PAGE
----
5. KSSM = Less Emphasis On Reading & Writing

All 4 skills are equally emphasized in the new curriculum with an equal amount of time allocated for each skill. This mindset is reflected in the SPM2021 outline. There are pros & cons for this.

Pros
a. Students will feel more motivated & less stressed/bored about English, due to the larger variety of activities in the classroom.
b. More Malaysians can communicate in basic English, as students will be given time & opportunity to work on Listening & Speaking during lessons.
c. Malaysians have better soft-skills, due to interaction/teamwork experienced during classwork.

Cons
a. Malaysian will have weaker Reading & Writing skills. This won't be a problem when communicating locally in Manglish, but will present a significant barrier when communicating internationally or when studying abroad.
b. Gone will be the days when Malaysians have better grammar / writing skills than "native speakers". This is something that I've experienced personally when studying abroad. My written papers get praised over "native speakers".
c. Tuition centers can capitalize on the lack of focus in national education & market services that cater specifically to Reading & Writing skills (which are essential for success in most white-collar careers).

6. Possible Changes To The Marking Criteria For SPM Writing

From the outline provided, there is no indication of how the essays in the Writing paper will be graded. This gives me serious concern.

Currently, SPM 1119 employs a robust rubric that awards the highest scores to essays that demonstrate excellent command of grammar, precise use of wide vocabulary, style & flair at CEFR C1-2 levels. A similar rubric was used for PMR as well.

However, the grading criteria for Writing in PT3 is benchmarked based on the Curriculum Target Level for Form 3, which is CEFR B1 Low (see table below). This means that those who write essays that demonstrate proficiency at the B1 Low level & above will get full marks for the essay. This means impeccable essays that would impress "native speakers" would get the same A score as "simple connected text" (see CEFR Global Scale table below), because they have both achieved the curriculum target.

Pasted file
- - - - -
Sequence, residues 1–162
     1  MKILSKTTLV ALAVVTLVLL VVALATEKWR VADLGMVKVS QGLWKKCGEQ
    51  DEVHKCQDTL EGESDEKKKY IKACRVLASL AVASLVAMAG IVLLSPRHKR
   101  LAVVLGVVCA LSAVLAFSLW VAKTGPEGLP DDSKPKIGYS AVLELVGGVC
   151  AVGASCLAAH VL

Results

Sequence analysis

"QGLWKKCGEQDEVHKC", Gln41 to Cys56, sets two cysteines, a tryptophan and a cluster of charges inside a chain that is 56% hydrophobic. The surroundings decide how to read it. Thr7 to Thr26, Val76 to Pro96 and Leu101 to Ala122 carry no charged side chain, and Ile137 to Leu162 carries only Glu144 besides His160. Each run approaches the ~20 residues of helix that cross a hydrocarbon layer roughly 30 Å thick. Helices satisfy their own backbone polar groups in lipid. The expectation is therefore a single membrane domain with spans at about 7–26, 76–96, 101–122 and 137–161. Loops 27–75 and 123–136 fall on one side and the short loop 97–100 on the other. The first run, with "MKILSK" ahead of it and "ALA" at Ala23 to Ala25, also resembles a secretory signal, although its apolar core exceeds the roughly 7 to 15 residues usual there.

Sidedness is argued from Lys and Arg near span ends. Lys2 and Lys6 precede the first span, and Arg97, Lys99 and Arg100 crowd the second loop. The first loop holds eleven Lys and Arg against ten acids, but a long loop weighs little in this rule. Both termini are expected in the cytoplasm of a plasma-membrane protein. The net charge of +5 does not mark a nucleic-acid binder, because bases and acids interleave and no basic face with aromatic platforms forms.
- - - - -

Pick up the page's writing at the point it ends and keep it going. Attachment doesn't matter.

If the same grading criteria were applied to the SPM English Writing paper, essays that demonstrate a proficiency level of B1 High & above will get full marks. B1 High is the target level for Form 5. It is understood that students will work on the higher B2-C1 levels during their tertiary years.

Pros
a. Students develop their Speaking, Listening, & Reading skill together with their Writing, rather than how it is now where Writing is emphasized in lieu of other skills.
b. Writing in English becomes more accessible to most Malaysians. Less wiery of having to perform & constantly falling short. More gradual / developmental adding of difficulty level.

Cons
a. Parents who want to give their children an edge in Writing (essential for studying abroad) will either opt out of public education or subsidize with tuition.
b. Teachers, like me, will feel a lot of pain in awarding As to essays we used to grade as Ds or Cs. This might drive me to start tuition classes with TOEFL/IELTS as a benchmark rather than SPM.

Curriculum Target Levels taken from the DSKP KSSM Bahasa Inggeris Tingkatan 4 publicly available at the Bahagian Pembangunan Kurikulum website.
Common European Framework of Reference - Global Scale (2018) publicly available at the Council of Europe website.

7. Expect Changes Over Time

PT3 paper was been tweaked several times since it's introduction in 2014. Expect similar tweaks to take place for SPM over the next few years. This is natural. Edison tweaked his light-bulb thousands of times. I tweak my classroom practices all the time too.

I find it peculiar how our civil service is unrealistically expected to get things right the first time around. Of course, we should expect the best from the civil service, but we should also allow & encourage them to learn from & react positively to feedback. The only constant in life is change.